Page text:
Is "Being Predictable" Essential For Remarkable Success?

You’ve heard these types of comments before as descriptors of an individual who attracts a positive rating from leadership and is viewed as someone with potential to go further in the organization.

“He can be counted on to deliver consistent results; he’s dependable.”

“She’s predictable; you get few surprises from her work.”

Predictability is often, if not always, looked upon as a strength; an attribute that leaders find “comfortable” and desirable.

Also read: Accountability in the Workplace and How it Ties into Employee Engagement

Over my career, I noticed many predictable employees found their way up the career ladder, but these people didn’t add the greatest value to the organization.

In fact, I believe the easy and comfortable employee robs an organization of value because of their restrictive and conservative ways.

Here’s my thinking.

– A high comfort level implies that predictable employees follow the approach expected by the organization’s “establishment”; they follow the rules that govern acceptable behaviour.
Meeting leadership expectations is unwelcome bedfellows to breakaway thinking and results.

– In many ways, being relatively certain of an outcome is uninteresting; the “amaze factor” is absent. The capacity to discover something unexpected is stripped away, denying a result that presents a new opportunity that emphatically changes the direction of the organization.

Learning from what is achieved WHILE it is being achieved is nonexistent.

– Acting involuntarily to a prescribed set of rules means predictable folks’ actions can be formularized. An equation can be used to determine the outcome of their actions with a high degree of precision.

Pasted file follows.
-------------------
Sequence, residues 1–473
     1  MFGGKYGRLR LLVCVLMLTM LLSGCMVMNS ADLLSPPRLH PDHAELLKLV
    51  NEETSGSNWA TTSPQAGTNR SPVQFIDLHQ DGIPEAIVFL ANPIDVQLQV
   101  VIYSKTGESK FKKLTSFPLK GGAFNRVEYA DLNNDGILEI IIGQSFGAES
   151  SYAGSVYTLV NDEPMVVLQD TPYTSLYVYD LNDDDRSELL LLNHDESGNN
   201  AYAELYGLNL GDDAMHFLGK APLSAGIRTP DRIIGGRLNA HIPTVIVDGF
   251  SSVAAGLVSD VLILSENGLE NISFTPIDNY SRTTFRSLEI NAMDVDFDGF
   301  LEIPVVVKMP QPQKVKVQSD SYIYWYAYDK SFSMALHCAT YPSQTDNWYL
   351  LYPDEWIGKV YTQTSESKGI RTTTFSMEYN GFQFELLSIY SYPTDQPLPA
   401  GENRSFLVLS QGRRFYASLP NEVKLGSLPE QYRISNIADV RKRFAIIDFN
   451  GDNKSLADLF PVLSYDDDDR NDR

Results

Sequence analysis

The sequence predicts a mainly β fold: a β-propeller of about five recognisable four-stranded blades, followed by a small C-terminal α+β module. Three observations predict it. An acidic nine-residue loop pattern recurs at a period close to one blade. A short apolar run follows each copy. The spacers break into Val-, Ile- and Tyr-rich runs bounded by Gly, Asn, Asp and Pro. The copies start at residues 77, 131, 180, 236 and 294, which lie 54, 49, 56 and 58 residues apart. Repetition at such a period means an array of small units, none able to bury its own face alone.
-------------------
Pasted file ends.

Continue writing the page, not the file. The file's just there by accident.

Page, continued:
Also read: Why You Should Discuss “Proud Employee Moments” In Performance Reviews

It begs the question “If an algorithm can be constructed that use a person’s action(s) to predict an outcome, why use a human in the process?” You don’t need human value add; use software to create it.

– Predictability suggests compliance and risk minimization which stultifies innovation and creativity. People look for rules and governing policies to guide their behaviour and approach to problem solving.

Original thought is missing in action in favour of dutifully following the rules and practices of the organization.

– Individuals who operate mechanically have difficulty creating a new approach to a challenge or problem if the accepted method doesn’t work. A “Plan B” mentality escapes the predictable one; inefficiency and frustration are produced by continually attempting to reapply the same approach in hopes of achieving a different result.

Predictability does help some individuals be successful in a controlled environment, but there are long term opportunity costs to the organization that are always ignored.

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